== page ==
Can we think that there is no other way to do it and consider respecting the subjects/objects by respecting the way of approaching to them and the message that comes to the viewer from this relationship? As spectators we can only "trust" or "doubt" what is presented to us through the movie screen, however, beyond questioning the aesthetic and audiovisual nature and the information provided as a whole, we are also left to reflect on how filming can contribute to indirect power dynamics that inevitably distort the message that the documentary wants to convey to the viewer.

In The Golden Thread, we are left as a commitment, apart from delighting ourselves audiovisually with the symphony of its images and of being outraged by the incessant way in which hundreds of workers of Jute factories work under critical conditions, we should reflect on the experience and relationship created between the director and her characters and the possible distortion of the message that in principle is intended to be expressed to us, through the already complex and also questionable cinematographic art.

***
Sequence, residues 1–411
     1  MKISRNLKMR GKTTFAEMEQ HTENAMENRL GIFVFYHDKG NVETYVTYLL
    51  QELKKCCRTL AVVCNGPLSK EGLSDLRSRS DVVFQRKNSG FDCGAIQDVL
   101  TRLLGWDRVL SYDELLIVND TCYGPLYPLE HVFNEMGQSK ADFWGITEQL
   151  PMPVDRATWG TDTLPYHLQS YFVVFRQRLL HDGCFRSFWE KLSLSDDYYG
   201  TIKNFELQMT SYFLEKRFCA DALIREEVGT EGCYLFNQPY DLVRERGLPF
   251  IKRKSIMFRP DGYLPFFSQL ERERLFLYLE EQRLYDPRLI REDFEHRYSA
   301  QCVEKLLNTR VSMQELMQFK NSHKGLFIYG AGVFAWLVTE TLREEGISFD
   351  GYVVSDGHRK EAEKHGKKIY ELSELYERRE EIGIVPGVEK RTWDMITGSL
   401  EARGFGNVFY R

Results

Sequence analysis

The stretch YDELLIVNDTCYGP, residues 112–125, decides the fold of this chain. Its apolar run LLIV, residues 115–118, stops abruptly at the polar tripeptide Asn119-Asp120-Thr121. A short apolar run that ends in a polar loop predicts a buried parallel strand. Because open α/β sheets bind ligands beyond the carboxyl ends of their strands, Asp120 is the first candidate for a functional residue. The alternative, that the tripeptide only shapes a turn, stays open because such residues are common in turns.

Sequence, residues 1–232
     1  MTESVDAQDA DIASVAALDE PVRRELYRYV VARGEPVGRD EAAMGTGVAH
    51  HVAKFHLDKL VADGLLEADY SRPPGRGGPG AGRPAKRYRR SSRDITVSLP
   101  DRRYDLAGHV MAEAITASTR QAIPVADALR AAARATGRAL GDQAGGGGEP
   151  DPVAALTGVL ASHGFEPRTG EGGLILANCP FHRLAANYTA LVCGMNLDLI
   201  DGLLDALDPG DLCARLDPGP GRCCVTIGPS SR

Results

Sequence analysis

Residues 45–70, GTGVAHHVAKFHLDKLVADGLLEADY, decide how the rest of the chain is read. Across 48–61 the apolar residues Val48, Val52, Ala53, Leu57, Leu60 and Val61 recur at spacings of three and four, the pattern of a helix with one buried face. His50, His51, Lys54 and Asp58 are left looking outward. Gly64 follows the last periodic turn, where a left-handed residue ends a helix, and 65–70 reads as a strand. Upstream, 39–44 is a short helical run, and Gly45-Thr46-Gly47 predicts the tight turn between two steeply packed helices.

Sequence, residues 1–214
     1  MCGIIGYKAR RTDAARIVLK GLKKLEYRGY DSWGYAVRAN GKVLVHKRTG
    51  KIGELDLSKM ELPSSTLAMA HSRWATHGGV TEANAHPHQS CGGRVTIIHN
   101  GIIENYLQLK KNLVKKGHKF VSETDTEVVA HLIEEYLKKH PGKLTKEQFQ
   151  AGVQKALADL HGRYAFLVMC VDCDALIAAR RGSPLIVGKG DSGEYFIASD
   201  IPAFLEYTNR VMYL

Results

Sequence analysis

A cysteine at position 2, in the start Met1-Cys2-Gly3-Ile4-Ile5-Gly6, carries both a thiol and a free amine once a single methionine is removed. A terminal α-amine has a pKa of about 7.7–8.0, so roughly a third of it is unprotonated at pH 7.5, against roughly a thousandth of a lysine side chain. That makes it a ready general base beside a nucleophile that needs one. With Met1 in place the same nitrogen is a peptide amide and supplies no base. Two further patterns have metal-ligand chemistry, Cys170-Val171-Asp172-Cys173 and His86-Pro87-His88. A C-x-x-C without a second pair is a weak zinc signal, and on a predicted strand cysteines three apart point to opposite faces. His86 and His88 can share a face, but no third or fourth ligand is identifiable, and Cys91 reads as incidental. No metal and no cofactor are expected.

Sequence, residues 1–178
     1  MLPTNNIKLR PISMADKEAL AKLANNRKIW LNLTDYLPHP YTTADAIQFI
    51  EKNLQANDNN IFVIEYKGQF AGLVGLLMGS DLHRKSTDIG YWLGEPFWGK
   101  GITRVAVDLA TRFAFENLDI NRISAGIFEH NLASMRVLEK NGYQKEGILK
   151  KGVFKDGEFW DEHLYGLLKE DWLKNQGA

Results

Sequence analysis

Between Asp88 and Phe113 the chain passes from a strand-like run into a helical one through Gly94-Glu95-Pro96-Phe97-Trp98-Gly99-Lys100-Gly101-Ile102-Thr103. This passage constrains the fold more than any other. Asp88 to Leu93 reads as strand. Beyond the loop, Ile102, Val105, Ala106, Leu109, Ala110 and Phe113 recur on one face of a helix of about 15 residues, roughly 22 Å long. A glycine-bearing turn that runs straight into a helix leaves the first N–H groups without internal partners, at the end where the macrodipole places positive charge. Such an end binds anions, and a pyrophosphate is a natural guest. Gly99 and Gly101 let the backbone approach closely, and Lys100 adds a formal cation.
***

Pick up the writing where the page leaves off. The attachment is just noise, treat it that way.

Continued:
[1] Editorial, El Comercio, “Labor Slavery, The 5 Countries Where This Situation Reigns”, 2017, (consulted November 26, 2023)
[2] Editorial, Tamara Gausi, “The Multiple Faces of Labor Exploitation” 2018, (consulted November 26, 2023)
[3] Le Roy, F., Vanderbeeken, R. The Documentary Real: Thinking Documentary Aesthetics. Found Sci 23, 197–205 (2018).

Ingrid Pérez
ELTE BTK Film Studies